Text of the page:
On 26 June, a new poll conducted by Thomson Reuters Foundation (TRF) listed India as the most dangerous country in the world for women. Earlier this year, the Press Freedom Index ranked India at the 138th position below countries like Afghanistan, UAE and Sierra Leone, to name a few.

Both these surveys present a grim state of affairs. While there is no doubt that India is nowhere close to where it wants to be when it comes to freedom of the press and safety for women, the results came as a surprise – more so because India is ranked behind Syria where women have faced horrific sexual violence as part of the ongoing civil war.

It is pertinent to note that the same survey, in 2011, had ranked India fourth. This essentially means that in seven years, we went on a path of regression. Evidently, the criminal law reform after the 2012 Delhi gangrape case that saw an expansion of the definition for the offence of rape and the introduction of new offences like voyeurism and stalking weren’t able to make a dent in the campaign for women’s safety.

While there is no doubt that India is nowhere close to where it wants to be when it comes to freedom of the press and safety for women, the results came as a surprise

Instead, we jumped up three places in seven years, topping the list. It certainly seems odd, as the general trend around the world has been that with economic growth and development there is a positive correlative effect on women empowerment.

There is also little doubt that India has grown in the past seven years since the last survey and continues to be one of the fastest growing economies in the world. Thus, invariably the ranking of India should have improved instead of going worse.

So what makes India worse than war-torn countries like Syria in terms of women’s safety?

Perception is the short answer. Even if India is not the most dangerous country for women in the world, it is certainly perceived to be so by the 548 experts that TRF handpicked. The experts chosen came from diverse professions and occupations such as NGO worker, journalists, health workers, development professionals, academics and policymakers.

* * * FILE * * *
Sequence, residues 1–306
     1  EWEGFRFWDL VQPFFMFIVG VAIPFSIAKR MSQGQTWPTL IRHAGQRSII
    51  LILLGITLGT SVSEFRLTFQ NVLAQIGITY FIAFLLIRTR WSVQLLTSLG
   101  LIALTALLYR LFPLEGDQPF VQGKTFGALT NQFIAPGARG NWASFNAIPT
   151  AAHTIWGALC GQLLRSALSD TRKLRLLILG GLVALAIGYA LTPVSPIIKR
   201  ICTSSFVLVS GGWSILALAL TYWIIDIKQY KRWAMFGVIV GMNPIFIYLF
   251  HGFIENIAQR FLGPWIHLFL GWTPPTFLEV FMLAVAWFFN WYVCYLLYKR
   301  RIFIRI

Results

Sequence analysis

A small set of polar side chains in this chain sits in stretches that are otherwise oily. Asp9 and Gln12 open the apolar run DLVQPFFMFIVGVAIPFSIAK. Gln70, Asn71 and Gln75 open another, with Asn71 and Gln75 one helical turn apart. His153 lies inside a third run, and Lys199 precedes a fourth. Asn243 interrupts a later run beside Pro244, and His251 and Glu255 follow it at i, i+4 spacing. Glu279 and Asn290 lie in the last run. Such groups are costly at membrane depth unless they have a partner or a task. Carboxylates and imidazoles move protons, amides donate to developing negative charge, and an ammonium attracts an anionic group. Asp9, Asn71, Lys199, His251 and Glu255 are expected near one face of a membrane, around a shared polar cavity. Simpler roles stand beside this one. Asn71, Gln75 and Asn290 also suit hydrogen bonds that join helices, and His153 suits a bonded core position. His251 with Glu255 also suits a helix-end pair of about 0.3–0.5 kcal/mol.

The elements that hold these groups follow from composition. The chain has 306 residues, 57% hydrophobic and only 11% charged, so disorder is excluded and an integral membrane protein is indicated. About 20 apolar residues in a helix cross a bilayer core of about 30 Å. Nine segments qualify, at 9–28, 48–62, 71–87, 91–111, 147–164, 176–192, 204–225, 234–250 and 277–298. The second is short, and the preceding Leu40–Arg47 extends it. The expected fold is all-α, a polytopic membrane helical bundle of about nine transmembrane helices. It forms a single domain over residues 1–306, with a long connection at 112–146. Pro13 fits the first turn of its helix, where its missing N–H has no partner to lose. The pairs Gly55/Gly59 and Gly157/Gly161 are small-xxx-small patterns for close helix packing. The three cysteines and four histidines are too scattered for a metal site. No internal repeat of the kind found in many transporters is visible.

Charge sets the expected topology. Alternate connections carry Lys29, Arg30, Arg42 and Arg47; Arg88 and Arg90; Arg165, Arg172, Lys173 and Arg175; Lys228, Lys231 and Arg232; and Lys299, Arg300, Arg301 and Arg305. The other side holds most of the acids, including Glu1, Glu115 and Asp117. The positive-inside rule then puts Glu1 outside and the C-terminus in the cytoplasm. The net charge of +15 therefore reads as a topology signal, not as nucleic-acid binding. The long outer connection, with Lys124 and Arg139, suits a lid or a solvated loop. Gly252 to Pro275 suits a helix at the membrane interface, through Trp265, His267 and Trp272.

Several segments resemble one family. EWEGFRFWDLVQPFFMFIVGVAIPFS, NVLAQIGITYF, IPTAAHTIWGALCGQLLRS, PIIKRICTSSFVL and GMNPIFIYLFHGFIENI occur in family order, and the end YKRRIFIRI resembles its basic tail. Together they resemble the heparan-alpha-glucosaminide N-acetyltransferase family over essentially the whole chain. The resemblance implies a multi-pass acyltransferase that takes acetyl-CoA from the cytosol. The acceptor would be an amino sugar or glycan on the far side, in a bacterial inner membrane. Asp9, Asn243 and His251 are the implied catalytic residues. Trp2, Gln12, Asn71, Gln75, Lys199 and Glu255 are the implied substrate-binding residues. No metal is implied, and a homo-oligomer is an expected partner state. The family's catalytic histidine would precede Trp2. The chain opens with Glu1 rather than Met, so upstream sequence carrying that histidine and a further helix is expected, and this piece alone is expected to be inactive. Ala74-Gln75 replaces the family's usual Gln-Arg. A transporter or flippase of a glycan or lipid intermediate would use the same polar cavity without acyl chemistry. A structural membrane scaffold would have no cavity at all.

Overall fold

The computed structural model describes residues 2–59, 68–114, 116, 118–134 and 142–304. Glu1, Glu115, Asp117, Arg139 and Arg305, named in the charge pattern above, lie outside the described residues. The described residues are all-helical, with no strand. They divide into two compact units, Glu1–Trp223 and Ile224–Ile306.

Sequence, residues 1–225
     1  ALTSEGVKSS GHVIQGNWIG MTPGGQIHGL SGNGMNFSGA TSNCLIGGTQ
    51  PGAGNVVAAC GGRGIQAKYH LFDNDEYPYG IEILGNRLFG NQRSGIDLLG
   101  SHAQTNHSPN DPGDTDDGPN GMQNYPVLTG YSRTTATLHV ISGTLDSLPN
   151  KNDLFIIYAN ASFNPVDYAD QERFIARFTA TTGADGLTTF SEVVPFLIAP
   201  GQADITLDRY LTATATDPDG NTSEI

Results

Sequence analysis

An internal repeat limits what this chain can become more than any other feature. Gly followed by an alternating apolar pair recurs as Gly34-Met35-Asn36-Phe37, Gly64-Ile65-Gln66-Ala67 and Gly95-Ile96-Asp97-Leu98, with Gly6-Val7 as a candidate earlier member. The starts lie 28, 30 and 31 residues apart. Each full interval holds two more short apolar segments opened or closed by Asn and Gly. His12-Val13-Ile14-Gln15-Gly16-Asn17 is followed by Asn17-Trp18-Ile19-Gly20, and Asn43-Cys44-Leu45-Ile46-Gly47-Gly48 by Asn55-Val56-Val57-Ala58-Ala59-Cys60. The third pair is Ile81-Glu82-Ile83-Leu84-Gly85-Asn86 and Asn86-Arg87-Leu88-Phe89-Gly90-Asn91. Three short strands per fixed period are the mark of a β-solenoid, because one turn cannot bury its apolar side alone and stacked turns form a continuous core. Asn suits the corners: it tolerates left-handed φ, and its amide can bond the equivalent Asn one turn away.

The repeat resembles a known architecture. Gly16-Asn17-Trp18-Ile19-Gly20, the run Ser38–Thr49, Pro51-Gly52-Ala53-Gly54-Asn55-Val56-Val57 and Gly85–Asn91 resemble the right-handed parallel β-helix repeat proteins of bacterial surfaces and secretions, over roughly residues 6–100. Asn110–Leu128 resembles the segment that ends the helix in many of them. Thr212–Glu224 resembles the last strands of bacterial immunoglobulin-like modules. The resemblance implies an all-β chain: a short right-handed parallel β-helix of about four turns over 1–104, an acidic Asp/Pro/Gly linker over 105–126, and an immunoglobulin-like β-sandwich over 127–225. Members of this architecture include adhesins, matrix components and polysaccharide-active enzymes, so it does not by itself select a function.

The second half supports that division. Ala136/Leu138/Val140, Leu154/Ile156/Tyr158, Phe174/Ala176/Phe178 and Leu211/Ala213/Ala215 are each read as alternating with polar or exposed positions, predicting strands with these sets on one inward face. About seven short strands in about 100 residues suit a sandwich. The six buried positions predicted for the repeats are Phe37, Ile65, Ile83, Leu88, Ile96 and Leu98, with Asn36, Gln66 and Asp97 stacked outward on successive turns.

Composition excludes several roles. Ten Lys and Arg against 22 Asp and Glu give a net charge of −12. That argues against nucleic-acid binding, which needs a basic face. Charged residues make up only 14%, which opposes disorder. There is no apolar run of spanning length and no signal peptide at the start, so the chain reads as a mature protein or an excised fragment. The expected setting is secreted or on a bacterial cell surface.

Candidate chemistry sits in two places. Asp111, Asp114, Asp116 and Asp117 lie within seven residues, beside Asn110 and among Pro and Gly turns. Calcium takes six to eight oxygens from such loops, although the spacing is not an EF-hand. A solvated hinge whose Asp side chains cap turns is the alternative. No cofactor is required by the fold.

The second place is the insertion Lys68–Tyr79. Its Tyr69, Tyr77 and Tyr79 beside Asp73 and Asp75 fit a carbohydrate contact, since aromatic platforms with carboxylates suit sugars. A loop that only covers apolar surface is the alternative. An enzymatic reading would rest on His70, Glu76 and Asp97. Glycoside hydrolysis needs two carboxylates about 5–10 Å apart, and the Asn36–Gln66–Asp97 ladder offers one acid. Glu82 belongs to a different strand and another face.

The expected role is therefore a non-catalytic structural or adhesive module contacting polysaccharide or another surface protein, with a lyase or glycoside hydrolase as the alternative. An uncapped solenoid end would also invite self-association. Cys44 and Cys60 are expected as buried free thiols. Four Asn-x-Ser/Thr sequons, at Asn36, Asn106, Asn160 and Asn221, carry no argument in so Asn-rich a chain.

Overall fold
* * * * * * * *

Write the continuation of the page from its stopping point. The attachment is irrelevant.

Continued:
The reasoning for such diverse selection is sound as they are on the receiving end of the grievances of women of their respective countries and hence, in an apt position to judge the status of women.

The experts were asked to rank countries based on parameters such as access to healthcare, discrimination in terms of access to economic resources, customary practices, violence (sexual and non-sexual), and human trafficking.

This methodology gives rise to several problems.

The first relates to cross-discipline awareness, or an individual expert in a one field like healthcare ranking countries on another field/parameter, such as the backwardness of traditional practices. While there is no doubt that the pool of experts is comprised of remarkable individuals with immense cross-disciplinary knowledge, it is still inconceivable that a healthcare expert would be able to unmistakably rank countries on their sociological backwardness.